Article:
Health Beat: Survey says Arkansas ranks among ‘unhealthiest’ states for seniors

by Talk Business & Politics staff (staff2@talkbusiness.net) 26 views 

Editor’s note: Each Wednesday, Talk Business & Politics provides “Health Beat,” a round-up health-related topics. 

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SURVEY: ARKANSAS RANKS AMONG ‘UNHEALTHIEST’ STATES FOR SENIORS
A new report by the United Health Foundation shows that Arkansas is among the unhealthiest states for seniors, mainly due to the high prevalence of obesity, physical inactivity and food insecurity.

Nationwide, increasing rates of diabetes and obesity among middle-aged Americans (50-64 years old), coupled with the massive growth in the senior population over the next 15 years, are likely to significantly affect the health and quality of life for the next generation of seniors, according to the 2016 United Health Foundation’s America’s Health Rankings Senior Report.

The report compares the health of middle-aged Americans in 2014 to middle-aged Americans in 1999 and details broad health concerns for the next generation of older Americans, as well as the potential for strain on the Medicare program and the overall health care system.

Massachusetts is the healthiest state for seniors, rising from sixth place last year, while Louisiana again ranks as the least healthy state for older adults, according to the newest report. Vermont (2), New Hampshire (3), Minnesota (4), Hawaii (5) and Utah (6) round out the healthiest states for seniors. Oklahoma (49), Mississippi (48), Arkansas (47) and West Virginia (46) experience the most challenges in seniors’ health and well-being.

TO HANDLE BACKLOG, VA PROPOSES MORE PRACTICING AUTHORITY TO ‘ADVANCED’ NURSES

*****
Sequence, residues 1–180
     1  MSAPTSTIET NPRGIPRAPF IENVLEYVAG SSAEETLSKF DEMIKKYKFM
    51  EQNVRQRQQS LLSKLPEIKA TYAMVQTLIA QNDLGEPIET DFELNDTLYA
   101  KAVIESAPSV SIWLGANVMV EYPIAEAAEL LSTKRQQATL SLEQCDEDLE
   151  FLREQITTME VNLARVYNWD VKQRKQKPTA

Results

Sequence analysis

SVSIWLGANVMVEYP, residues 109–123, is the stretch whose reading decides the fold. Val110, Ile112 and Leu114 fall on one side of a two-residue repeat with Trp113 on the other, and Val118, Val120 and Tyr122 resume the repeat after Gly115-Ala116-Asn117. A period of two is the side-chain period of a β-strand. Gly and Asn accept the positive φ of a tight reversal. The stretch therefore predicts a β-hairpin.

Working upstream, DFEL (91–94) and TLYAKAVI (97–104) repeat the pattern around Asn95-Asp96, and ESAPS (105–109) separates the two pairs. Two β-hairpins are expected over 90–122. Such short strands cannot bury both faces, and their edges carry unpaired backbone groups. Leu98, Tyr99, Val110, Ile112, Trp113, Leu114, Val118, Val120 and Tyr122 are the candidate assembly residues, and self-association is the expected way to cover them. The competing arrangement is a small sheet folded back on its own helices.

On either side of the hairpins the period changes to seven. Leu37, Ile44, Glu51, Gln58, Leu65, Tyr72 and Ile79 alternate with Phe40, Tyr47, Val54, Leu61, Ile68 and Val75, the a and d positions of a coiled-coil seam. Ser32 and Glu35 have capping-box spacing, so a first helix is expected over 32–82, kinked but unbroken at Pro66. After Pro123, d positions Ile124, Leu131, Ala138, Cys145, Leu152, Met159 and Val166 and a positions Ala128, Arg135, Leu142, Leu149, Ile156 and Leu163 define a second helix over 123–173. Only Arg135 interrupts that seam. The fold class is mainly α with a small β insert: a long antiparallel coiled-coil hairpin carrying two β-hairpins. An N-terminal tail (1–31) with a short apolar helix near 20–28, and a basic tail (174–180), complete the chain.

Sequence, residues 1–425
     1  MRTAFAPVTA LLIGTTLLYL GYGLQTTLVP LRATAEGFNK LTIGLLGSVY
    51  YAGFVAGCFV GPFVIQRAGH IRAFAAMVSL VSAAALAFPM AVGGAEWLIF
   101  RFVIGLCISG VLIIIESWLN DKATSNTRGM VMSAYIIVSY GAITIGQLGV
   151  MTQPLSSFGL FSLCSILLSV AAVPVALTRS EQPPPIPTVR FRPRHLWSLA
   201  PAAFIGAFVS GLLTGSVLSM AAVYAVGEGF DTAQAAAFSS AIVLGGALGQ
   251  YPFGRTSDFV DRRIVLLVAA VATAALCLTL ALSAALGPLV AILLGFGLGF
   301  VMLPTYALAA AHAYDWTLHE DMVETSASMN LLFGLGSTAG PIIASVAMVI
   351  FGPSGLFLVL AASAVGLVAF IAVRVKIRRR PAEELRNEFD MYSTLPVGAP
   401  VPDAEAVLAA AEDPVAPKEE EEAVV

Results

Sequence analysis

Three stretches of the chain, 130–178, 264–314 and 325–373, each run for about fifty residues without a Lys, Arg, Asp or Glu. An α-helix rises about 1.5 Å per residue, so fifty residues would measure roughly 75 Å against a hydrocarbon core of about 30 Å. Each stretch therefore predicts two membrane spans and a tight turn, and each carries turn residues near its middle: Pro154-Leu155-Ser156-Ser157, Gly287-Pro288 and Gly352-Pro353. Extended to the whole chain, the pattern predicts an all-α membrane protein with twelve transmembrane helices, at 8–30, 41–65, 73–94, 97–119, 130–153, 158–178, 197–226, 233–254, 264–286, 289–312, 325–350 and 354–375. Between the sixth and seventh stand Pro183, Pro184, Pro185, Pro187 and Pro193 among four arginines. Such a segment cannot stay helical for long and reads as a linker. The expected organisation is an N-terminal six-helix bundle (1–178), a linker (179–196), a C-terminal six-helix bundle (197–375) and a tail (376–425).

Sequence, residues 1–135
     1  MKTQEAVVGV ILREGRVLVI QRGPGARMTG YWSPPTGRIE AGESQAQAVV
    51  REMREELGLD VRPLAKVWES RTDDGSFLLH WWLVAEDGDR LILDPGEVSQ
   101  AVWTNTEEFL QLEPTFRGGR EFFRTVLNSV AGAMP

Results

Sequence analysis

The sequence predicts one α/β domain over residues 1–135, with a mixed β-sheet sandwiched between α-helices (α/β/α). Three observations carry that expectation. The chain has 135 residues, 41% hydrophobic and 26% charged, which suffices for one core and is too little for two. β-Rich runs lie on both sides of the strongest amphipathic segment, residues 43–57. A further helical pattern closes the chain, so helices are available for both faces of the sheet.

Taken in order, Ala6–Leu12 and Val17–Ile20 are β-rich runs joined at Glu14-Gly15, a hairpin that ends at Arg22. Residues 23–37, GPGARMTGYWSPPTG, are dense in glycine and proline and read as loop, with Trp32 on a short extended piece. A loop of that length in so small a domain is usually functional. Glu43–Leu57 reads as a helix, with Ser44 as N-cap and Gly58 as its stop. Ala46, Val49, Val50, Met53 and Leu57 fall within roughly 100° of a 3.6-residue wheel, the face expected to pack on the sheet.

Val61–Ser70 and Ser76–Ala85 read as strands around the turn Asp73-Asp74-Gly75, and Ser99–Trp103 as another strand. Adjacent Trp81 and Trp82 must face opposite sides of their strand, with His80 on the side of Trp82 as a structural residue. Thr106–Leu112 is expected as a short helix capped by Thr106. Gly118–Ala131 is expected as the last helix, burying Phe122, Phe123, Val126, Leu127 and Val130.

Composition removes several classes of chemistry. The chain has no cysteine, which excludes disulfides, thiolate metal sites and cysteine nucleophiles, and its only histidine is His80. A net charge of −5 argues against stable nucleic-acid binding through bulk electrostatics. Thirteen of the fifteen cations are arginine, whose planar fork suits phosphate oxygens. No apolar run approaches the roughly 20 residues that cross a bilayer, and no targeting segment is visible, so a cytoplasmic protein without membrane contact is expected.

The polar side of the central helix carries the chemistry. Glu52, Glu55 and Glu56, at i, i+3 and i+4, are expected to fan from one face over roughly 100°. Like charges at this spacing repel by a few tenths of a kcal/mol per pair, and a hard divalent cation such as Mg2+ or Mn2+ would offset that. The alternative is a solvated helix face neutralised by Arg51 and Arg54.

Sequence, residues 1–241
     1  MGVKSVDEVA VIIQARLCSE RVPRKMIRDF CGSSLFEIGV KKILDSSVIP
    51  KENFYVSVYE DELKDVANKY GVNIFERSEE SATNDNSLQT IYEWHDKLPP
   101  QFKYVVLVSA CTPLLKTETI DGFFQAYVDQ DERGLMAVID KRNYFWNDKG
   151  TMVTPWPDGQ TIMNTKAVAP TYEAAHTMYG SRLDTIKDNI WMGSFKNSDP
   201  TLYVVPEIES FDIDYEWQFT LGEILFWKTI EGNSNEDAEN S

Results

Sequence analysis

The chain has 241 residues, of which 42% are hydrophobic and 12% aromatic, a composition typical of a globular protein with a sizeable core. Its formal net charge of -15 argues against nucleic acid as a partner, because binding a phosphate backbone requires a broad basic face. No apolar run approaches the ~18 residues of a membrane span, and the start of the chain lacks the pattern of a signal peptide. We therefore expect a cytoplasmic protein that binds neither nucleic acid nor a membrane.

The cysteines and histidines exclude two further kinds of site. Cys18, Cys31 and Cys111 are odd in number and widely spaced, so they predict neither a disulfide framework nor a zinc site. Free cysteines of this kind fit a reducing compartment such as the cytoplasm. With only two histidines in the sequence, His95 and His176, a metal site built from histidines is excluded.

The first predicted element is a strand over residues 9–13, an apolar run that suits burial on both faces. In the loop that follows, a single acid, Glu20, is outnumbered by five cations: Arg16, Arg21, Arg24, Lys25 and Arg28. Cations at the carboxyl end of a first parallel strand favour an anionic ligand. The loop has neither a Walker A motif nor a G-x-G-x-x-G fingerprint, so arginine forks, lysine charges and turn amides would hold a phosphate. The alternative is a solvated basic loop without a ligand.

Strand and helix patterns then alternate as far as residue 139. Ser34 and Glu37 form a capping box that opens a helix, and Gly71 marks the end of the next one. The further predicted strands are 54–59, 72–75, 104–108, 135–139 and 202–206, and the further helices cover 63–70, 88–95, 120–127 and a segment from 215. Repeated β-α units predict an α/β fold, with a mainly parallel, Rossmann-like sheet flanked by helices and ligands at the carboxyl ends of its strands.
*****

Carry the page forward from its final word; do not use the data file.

As veterans’ disability claims grow larger, the Department of Veterans Affairs (VA) on Sunday (May 29) proposed a rule to grant full practice authority to “advanced practice” registered nurses (APRNs) when they are acting within the scope of their VA employment.

The rule declares that full practice authority will help optimize access to VA health care by permitting APRNs to assess, diagnose, prescribe medications and interpret diagnostic tests. This action proposes to expand the pool of qualified health care professionals authorized to provide primary health care and other related health care services to the full extent of their education, training, and certification to veterans without the clinical supervision of a physician.

“The purpose of this proposed regulation is to ensure VA has authority to address staffing shortages in the future,” said VA Undersecretary for Health Dr. David J. Shulkin. “This is good news for our APRNs, who will be able to perform functions that their colleagues in the private sector are already doing.”

The American Nurses Association (ANA) applauded the to grant full practice authority to the four types of APRNs. “VA will be able to more effectively meet the health care needs of our nation’s Veterans,” said ANA President Pamela Cipriano. The proposed rule can be found for comment here.

ANNUAL EMPLOYEE-SPONSORED HEALTH CARE COSTS EXCEEDS $25,000 FOR FIRST TIME
Global consulting and actuarial firm Milliman Inc. said the annual cost of healthcare for a typical American family of four receiving coverage from an employer-sponsored preferred provider plan (PPO) will exceed $25,000 for the first time this year.

In the annual 2016 Milliman Medical Index (MMI), costs for an average family will increase by 4.7% — the lowest rate of increase in the history of this study. Still, the total dollar increase of $1,155 marks the 11th consecutive year that the total dollar increase has exceeded $1,100. On average, employers pay $14,793 of the total healthcare costs and the employee — through payroll deductions and cost sharing at the time of service — pays $11,033.

Healthcare cost trends have exceeded medical CPI in every year since Milliman published its first MMI in 2001. Health care has represented an increasing share of the national GDP. With an average of 7.8% in annual increases, the MMI has more than tripled in 15 years.

Most of the components of care analyzed by the MMI (physician, outpatient, inpatient, other) experienced trends in line with recent years, and overall the annual medical cost increase has ramped down from more than 9% in 2001 to less than 4% this year. But cost changes related to prescription drug coverage have been more volatile, with drugs becoming a larger portion of family healthcare expenditures — this year reaching 17% of their total.

To view the complete MMI, click here.

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